Of the 10 councils that enacted Green Belt alterations, eight saw a net reduction while two experienced a net increase. The most notable change was in North Hertfordshire, where the Green Belt boundary grew by 3,350 hectares. This 24% spike represented the largest proportional enlargement reported.

Green belt designation v’s housing crisis?

The net increase in England’s green belt land over the past two years is likely to exacerbate the country’s housing crisis in a few key ways.  For instance with over 1.6 million hectares now designated as green belt, this is likely to restrict land supply to housing construction, it severely limits available plots of land to build new homes.

Green belts are meant to prevent urban sprawl, but in high demand areas they may be hindering the ability to expand towns/cities where people want to live through new developments.  In turn this scarcity of buildable land in many high-value locations pushes prices up as demand outstrips supply. This makes homes increasingly unaffordable.

The consequence could be young professionals priced out of areas near economic hubs because of insufficient housing stock.  So while green belts aim to safeguard land, an overly restrictive interpretation likely worsens affordability and availability in practice. A balanced approach is needed.

Time for Change?

Is it time for to conduct a comprehensive review of green belt boundaries at national level to ensure they are truly serving their intended purposes. Carefully consider releasing lower-value agricultural/marginal land for development in sustainable locations where it wouldn’t compromise primary green belt aims.  Or could it be that streamlining the planning system to allow more housing via permitted development rights or through a fast track system to push forward housing developments on non-green belt land is developed?

Navigating New Realities

In the meantime whilst the planning system is tweaked with little changes to green belts, simply lobbying for boundary pushes is a political non-starter. So how can innovative builders meet housing targets within these parameters? Some propose focusing inside existing areas. Underutilised brownfields offer infill potential while avoiding sprawl. Transport hubs near employment center are also ripe for transit-oriented redevelopment.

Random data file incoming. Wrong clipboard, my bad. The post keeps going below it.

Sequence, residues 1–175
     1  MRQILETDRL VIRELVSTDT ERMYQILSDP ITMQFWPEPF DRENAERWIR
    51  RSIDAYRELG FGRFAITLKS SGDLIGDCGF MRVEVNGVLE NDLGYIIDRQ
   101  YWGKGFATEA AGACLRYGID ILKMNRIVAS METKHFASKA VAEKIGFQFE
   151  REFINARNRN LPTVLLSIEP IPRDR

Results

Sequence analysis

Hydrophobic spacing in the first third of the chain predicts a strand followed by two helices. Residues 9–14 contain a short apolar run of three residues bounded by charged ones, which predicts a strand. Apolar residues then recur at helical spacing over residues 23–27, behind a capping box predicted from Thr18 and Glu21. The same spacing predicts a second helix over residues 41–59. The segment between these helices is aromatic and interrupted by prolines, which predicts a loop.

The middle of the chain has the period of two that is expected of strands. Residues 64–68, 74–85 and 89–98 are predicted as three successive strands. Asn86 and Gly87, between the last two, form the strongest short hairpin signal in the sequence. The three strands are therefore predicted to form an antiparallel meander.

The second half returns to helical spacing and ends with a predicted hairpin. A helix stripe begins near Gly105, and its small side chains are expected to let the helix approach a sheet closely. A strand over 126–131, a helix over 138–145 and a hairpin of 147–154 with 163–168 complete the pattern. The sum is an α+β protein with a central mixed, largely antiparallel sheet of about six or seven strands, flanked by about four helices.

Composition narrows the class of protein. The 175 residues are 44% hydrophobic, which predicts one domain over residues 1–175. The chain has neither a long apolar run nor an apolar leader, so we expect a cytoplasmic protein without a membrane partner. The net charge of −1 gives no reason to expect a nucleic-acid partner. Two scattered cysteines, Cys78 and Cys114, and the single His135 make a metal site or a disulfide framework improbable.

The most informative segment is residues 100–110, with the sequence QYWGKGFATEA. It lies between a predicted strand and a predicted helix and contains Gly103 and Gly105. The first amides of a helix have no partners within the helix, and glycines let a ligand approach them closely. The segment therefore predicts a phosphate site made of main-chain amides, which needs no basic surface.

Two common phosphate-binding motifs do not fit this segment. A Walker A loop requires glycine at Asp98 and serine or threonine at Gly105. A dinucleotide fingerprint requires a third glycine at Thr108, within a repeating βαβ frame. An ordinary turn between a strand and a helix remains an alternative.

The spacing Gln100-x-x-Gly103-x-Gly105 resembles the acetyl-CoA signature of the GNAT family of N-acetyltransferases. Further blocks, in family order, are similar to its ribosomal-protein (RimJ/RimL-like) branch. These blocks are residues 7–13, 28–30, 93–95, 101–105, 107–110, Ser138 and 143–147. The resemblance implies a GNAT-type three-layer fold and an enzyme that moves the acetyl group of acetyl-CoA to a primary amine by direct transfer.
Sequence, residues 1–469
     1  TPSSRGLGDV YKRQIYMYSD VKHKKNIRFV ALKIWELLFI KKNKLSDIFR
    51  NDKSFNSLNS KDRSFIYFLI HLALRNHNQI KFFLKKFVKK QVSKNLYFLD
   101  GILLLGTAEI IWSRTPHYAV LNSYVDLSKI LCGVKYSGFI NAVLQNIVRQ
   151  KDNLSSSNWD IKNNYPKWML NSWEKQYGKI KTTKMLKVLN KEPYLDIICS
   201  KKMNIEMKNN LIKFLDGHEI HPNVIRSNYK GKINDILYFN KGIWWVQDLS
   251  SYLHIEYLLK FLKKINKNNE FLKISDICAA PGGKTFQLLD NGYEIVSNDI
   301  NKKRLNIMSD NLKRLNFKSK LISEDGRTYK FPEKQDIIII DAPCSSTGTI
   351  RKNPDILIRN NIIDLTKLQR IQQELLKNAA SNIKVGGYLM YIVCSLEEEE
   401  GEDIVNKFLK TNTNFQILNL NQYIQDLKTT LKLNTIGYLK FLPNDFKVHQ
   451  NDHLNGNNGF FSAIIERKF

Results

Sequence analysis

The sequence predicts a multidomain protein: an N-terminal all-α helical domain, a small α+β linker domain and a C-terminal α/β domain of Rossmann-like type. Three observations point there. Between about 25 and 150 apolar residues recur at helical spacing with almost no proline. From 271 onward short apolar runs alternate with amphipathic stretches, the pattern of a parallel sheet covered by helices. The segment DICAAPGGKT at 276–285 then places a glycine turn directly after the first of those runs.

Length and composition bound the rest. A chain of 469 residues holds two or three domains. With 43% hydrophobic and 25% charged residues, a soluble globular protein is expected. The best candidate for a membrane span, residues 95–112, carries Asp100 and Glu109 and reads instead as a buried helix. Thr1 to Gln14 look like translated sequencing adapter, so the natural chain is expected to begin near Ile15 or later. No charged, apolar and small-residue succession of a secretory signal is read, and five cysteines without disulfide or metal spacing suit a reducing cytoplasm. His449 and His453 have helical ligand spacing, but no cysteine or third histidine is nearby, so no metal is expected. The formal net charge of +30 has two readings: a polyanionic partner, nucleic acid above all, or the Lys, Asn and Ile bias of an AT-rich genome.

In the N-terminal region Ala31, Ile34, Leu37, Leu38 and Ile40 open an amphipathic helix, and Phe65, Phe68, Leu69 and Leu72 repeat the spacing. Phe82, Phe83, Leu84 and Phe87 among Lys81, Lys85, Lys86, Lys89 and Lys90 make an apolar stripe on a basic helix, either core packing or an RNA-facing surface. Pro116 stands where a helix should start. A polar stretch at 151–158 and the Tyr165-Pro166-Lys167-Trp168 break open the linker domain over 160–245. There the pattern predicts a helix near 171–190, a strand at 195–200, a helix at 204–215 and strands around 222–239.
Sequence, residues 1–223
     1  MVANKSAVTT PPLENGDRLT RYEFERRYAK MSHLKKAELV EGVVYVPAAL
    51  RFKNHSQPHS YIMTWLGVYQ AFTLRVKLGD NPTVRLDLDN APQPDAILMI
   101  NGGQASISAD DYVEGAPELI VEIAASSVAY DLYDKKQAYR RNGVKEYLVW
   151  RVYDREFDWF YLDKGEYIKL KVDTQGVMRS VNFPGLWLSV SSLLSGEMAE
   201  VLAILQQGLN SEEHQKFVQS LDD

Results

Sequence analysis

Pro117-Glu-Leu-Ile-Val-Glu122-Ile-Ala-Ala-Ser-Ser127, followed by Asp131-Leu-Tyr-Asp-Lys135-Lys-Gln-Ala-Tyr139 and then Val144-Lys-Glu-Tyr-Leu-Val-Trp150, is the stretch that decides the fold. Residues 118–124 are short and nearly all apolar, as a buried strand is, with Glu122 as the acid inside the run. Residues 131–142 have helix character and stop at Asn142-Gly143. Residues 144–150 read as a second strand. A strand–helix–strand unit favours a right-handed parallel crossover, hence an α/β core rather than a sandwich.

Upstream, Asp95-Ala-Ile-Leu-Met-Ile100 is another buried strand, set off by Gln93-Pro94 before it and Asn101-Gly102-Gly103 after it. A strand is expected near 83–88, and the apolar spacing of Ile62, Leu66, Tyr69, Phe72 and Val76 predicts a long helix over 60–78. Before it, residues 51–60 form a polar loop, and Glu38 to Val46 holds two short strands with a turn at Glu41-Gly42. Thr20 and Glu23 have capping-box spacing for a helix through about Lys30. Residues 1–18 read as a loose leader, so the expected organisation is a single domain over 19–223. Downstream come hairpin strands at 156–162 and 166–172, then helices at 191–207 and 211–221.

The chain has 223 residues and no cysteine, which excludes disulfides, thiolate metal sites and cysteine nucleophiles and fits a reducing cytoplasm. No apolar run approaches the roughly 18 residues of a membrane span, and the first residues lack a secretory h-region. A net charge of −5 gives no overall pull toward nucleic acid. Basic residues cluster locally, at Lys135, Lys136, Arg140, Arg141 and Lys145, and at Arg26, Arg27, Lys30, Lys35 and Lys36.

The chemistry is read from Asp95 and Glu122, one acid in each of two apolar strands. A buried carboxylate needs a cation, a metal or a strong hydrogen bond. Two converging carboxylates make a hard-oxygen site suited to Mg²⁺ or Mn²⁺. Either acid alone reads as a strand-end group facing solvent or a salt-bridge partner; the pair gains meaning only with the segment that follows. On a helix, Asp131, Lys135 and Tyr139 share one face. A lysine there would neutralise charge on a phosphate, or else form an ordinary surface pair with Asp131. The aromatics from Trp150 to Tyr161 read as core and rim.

Collaborating with councils and environmental groups can unlock opportunities regular proposals miss. Exploring surplus public lands or underdeveloped commercial parcels presents win-wins. Alternative housing models providing affordable spacing also merit discussion. Demonstrating comprehensive community benefits builds consensus for creative solutions.

Advanced construction techniques uphold stringent quality-of-life standards while maximising densities. Strategic use of taller, slimmer designs with thoughtful landscaping maintains rural feels. Renewable energy and sustainability practices ease environmental worries.

I would like to think that even with “immovable” boundaries, those who think creatively to reimagine housing solutions within green belt constraints could find the means to rise above challenges.

However notwithstanding developers challenges with the restrictions that Green Belt brings, local planning authorities with green belt in their areas and with Local Plans to prepare, have to make provision for needed development within a very sensitive context.  Discussions about green belt are often challenging and controversial, with the potential for increases to green belt and the ever-growing population its doubtful that this is going to change anytime soon.

Related Content

Our article ‘Is it Time to Rebrand Green Belts?’ looked at the role of green belts and if it was too restrictive.  Whereas our Practical Guide to Development in the Green Belt gives you an understanding of what a Council or Planning Inspector will look at when determining a planning proposal within a Green Belt.

Green belt expansion

increase to green belt for two years running